Grace is the celebration of life, relentlessly hounding all the non-celebrants in the world. It is a floating, cosmic bash shouting its way through the streets of the universe, flinging the sweetness of its cassations to every window, pounding at every door in a hilarity beyond all liking and happening, until the prodigals come out at last and dance, and the elder brothers finally take their fingers out of their ears.
But all the while, there was one thing we most needed even from the start, and certainly will need from here on out into the New Jerusalem: the ability to take our freedom seriously and act on it, to live not in fear of mistakes but in the knowledge that no mistake can hold a candle to the love that draws us home. My repentance, accordingly, is not so much for my failings but for the two-bit attitude toward them by which I made them more sovereign than grace. Grace – the imperative to hear the music, not just listen for errors – makes all infirmities occasions of glory.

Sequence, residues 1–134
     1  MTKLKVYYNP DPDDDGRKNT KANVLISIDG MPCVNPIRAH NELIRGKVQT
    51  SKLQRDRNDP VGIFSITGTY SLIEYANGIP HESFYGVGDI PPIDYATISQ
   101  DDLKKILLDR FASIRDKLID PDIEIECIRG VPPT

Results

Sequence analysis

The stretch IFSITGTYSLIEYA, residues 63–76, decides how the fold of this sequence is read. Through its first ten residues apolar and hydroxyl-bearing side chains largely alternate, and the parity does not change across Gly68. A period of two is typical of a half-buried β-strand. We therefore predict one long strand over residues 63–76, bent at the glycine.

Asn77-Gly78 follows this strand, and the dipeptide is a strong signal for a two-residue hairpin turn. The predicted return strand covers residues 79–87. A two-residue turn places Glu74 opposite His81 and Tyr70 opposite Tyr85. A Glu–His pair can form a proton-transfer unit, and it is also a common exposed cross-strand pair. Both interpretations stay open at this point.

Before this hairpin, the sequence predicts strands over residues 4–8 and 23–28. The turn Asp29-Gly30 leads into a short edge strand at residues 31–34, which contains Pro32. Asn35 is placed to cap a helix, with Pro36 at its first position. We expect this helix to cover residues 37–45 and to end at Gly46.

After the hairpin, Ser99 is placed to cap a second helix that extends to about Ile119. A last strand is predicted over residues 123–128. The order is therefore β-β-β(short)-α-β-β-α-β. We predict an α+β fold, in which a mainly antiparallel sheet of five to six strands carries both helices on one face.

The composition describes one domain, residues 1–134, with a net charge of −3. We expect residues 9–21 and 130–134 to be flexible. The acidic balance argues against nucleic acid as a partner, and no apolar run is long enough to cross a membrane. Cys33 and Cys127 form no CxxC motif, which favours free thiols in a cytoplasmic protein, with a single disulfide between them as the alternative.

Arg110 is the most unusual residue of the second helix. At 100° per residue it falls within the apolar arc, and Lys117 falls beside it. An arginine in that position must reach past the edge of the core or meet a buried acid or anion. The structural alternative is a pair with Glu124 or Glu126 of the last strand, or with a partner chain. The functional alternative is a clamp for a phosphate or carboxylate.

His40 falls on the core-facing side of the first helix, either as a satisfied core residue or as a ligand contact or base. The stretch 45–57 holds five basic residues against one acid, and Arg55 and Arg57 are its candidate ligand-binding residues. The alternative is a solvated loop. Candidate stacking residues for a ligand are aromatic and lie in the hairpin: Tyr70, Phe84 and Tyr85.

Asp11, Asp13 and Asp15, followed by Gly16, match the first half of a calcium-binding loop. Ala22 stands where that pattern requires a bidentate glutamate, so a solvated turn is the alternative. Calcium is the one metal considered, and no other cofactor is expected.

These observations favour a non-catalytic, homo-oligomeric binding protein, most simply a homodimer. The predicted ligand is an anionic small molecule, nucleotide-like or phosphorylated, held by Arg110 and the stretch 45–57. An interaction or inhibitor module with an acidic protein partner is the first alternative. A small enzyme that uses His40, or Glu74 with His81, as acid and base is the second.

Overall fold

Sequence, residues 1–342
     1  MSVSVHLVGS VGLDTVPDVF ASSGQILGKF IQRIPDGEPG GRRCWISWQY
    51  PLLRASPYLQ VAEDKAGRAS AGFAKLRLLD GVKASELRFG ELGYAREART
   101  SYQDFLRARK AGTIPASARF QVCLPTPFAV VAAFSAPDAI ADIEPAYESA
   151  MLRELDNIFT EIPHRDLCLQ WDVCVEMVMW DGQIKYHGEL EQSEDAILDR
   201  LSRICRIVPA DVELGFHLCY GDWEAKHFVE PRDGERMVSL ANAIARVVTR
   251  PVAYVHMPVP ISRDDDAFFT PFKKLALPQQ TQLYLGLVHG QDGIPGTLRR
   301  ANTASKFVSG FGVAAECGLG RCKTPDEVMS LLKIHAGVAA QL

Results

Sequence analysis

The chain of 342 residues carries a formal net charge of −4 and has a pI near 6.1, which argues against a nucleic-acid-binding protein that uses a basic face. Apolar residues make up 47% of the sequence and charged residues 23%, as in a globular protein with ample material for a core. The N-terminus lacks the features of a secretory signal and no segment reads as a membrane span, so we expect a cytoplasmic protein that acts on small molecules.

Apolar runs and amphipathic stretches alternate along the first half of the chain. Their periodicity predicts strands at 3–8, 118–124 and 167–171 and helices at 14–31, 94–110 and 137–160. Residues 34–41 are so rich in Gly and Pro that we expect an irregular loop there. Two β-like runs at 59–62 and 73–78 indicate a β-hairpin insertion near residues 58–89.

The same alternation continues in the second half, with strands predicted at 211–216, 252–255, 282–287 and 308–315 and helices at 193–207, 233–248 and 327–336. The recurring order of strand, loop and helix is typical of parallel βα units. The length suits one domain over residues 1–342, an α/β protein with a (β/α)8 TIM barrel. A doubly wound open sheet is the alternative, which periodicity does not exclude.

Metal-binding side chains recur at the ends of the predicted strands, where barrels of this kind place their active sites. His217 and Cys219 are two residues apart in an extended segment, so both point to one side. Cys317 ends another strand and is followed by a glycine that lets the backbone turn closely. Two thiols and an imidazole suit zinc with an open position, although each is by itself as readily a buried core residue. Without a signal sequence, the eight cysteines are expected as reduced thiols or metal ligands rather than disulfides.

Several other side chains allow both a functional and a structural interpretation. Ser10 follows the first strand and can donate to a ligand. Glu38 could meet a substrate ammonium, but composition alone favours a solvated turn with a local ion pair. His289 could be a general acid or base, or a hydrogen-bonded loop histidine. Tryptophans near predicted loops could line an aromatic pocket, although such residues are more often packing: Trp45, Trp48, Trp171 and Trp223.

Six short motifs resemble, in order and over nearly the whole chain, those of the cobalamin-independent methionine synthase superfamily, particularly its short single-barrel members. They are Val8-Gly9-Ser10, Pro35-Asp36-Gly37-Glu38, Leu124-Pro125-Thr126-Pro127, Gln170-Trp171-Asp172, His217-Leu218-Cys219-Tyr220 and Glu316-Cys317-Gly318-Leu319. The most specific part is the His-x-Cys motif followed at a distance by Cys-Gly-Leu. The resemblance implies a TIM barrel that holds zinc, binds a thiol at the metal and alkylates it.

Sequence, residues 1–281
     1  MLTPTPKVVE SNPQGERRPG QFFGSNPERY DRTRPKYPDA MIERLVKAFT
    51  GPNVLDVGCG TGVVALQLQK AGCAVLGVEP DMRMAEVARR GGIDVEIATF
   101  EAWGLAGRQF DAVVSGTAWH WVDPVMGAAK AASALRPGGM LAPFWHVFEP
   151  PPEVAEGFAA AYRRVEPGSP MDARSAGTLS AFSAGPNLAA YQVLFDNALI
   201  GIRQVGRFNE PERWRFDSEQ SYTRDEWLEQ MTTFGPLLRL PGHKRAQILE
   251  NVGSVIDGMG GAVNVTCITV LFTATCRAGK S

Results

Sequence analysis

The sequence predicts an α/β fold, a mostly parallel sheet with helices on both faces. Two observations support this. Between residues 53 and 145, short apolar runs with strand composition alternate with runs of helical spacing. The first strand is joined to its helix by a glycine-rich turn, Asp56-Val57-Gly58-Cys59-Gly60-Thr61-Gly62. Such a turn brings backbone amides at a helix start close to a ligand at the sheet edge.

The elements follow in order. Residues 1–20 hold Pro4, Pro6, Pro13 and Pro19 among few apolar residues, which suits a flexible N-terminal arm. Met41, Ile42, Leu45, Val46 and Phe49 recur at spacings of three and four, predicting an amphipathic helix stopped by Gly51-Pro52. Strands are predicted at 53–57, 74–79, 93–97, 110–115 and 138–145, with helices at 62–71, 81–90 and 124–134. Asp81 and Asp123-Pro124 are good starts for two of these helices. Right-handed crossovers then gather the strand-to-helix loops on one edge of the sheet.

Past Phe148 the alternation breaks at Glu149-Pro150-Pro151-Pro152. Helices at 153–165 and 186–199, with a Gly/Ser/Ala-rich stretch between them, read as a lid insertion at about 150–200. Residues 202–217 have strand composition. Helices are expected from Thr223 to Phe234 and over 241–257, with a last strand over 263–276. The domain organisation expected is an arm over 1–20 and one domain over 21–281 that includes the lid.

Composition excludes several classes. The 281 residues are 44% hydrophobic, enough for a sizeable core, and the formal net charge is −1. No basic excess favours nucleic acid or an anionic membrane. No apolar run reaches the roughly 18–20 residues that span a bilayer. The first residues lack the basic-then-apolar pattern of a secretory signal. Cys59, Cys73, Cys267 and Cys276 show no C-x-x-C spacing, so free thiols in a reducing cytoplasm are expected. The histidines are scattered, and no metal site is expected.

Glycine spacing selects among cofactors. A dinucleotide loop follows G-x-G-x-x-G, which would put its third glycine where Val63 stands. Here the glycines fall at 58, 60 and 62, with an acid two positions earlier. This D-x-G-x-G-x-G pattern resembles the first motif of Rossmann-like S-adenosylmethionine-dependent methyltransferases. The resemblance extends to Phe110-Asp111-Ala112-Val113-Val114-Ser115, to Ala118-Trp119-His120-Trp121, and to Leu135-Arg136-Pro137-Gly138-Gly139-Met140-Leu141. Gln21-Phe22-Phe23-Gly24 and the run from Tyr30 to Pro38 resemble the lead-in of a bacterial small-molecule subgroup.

Trust him. And when you have done that, you are living the life of grace. No matter what happens to you in the course of that trusting – no matter how many waverings you may have, no matter how many suspicions that you have bought a poke with no pig in it, no matter how much heaviness and sadness your lapses, vices, indispositions, and bratty whining may cause you – you believe simply that Somebody Else, by his death and resurrection, has made it all right, and you just say thank you and shut up. The whole slop-closet full of mildewed performances (which is all you have to offer) is simply your death; it is Jesus who is your life. If he refused to condemn you because your works were rotten, he certainly isn’t going to flunk you because your faith isn’t so hot. You can fail utterly, therefore, and still live the life of grace. You can fold up spiritually, morally, or intellectually and still be safe. Because at the very worst, all you can be is dead – and for him who is the Resurrection and the Life, that just makes you his cup of tea.